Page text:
Every Little Kiss (White Pine #3)
by Kim Amos
TURN ON THE CHARM
Eternal good girl Casey Tanner moved to White Pine for a fresh start. Her mission: to finally have fun. And a fling with a reckless bad boy is the very first item on the to-do list she pretended not to make. After one long, lingering look at a sexy firefighter, Casey has found her man.
. . . AND TURN UP THE HEAT
Getting women into his bed has never been a problem for Abe Cameron. Letting one into his heart is an entirely different matter. But just one kiss, just one touch, just one smile from beautiful Casey has this lifelong bachelor flirting with the idea of forever. And Casey's refusal to settle down only makes Abe more determined than ever to win her heart. Now the one woman who can't be caught is the only one Abe can't live without . . .
“Heard you had some excitement yesterday at your job,” Betty said to her, ladling her plate with food as the dishes were passed around. Betty’s curly blond hair was aglow in the soft light.
“False alarm, as it turned out. Just low batteries in Robot Lit’s CO2 detector.”
Casey silently gave herself props for following through earlier in the day on replacing the CO2 detector’s batteries, also buying two smoke alarms and a fire extinguisher.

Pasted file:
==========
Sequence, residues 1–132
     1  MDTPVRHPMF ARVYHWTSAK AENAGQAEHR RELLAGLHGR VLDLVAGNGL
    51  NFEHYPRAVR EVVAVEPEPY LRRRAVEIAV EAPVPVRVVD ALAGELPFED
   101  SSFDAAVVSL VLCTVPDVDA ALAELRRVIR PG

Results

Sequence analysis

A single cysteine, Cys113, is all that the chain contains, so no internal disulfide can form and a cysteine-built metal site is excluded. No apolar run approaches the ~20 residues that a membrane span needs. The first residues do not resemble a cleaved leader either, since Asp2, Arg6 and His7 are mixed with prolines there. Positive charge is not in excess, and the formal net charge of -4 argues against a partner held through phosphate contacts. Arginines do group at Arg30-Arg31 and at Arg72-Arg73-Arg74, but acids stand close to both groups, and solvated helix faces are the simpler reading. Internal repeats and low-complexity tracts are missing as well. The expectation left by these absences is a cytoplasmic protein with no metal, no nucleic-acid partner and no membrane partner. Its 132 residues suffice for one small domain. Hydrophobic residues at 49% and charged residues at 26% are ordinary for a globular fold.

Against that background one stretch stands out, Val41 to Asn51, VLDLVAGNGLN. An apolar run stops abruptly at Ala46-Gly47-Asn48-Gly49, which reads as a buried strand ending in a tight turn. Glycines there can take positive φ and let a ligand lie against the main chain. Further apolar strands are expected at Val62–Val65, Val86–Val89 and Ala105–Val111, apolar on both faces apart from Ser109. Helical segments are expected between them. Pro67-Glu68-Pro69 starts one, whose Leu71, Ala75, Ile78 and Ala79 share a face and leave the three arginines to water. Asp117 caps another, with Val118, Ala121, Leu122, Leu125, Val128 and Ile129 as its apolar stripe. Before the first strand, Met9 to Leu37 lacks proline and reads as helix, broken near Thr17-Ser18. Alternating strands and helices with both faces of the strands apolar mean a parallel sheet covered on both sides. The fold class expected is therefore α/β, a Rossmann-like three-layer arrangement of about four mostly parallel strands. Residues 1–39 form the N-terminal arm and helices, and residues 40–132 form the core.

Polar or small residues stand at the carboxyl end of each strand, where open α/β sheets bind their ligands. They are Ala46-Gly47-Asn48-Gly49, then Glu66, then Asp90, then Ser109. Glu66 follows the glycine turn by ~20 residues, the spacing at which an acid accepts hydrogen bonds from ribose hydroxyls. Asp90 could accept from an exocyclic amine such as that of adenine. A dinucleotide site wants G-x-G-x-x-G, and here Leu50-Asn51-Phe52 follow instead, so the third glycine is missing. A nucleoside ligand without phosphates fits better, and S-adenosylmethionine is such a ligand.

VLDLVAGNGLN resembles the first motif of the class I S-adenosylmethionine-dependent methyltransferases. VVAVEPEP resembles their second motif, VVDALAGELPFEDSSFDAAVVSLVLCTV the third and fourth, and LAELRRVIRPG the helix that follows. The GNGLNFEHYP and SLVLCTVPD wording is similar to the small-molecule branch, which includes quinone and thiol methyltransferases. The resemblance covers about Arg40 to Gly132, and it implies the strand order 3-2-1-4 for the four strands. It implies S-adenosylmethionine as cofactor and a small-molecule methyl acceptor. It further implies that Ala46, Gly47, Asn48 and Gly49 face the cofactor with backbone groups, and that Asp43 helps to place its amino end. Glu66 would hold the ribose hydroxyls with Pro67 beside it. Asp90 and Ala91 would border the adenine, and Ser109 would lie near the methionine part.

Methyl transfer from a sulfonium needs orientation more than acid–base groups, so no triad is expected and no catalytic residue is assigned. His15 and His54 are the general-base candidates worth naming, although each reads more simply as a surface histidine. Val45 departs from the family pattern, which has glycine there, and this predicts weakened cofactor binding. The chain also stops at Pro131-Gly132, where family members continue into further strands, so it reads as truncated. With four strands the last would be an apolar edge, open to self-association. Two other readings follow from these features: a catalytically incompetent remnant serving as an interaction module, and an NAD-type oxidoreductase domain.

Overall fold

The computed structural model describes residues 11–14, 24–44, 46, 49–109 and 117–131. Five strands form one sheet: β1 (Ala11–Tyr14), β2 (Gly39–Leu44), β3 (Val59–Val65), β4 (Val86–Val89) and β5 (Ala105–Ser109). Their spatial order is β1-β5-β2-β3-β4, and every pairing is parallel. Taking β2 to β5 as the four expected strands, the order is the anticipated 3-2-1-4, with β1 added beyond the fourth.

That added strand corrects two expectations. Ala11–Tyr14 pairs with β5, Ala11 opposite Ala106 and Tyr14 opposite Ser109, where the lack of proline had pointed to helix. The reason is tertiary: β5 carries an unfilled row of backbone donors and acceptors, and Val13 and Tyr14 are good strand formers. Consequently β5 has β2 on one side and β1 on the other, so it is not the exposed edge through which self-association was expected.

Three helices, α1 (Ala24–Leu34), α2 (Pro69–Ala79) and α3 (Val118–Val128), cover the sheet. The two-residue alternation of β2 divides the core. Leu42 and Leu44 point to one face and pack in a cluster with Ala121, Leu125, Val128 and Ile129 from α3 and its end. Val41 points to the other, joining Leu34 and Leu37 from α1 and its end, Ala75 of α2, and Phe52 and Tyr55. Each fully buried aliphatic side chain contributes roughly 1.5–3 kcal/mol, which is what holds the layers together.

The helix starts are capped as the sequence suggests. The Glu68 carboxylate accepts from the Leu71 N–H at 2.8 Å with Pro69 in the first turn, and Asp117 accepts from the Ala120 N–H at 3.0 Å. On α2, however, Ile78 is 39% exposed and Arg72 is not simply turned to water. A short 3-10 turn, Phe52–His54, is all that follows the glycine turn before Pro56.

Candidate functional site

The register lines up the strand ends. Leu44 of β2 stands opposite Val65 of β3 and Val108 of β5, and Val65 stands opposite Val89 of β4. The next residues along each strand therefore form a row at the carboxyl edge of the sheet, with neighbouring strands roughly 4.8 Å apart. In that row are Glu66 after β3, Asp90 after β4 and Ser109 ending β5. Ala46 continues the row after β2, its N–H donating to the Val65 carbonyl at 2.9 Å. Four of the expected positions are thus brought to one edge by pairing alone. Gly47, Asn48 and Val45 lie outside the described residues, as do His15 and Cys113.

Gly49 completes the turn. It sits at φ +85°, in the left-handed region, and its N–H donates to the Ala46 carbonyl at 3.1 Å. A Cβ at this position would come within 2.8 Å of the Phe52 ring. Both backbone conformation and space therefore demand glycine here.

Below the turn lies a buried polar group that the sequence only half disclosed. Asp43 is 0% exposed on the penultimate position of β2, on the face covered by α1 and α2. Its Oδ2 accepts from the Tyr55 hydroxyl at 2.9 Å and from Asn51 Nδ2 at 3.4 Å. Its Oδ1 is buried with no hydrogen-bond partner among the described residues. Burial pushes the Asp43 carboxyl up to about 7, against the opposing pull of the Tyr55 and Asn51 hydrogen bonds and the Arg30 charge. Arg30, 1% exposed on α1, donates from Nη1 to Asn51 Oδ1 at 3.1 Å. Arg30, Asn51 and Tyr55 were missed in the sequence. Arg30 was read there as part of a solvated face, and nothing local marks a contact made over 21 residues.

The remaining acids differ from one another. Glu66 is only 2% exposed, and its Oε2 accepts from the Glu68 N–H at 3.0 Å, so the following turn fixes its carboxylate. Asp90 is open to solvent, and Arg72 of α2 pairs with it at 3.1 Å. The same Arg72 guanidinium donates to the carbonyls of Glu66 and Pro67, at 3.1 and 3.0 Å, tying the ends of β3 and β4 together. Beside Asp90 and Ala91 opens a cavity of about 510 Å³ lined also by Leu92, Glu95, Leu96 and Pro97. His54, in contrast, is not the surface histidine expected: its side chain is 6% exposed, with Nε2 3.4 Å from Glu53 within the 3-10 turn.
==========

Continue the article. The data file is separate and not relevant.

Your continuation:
“I meant the part where you got stuck in an elevator with a fireman,” Betty said.
The other women around the table stilled.
“You didn’t tell me that!” Audrey said, her brown eyes wide. “And you hate small spaces. Are you all right?”
“I’m fine. It was just an old elevator that stalled out.” She eyed Betty. “How did you even know about that?”
“Sometimes I tune into the scanner. Sounded like you and the lieutenant were in there for a good long while.”
“I—” Casey stalled, unsure what to say next. They’d been in there for what seemed like hours, even though it had probably only been twenty minutes or so. She could still feel the warmth of his hand around hers, the steady beat of his heart against her fingertips.
“The lieutenant is Abe Cameron, right? Stewart’s older brother?” Audrey asked.
“The serious one,” Willa said. “Stu was so easy-going and fun. I was on student council with him in high school. Abe would pick him up from school sometimes, and I remember Abe being like—one of the faces on Mount Rushmore or something. So stony and serious.”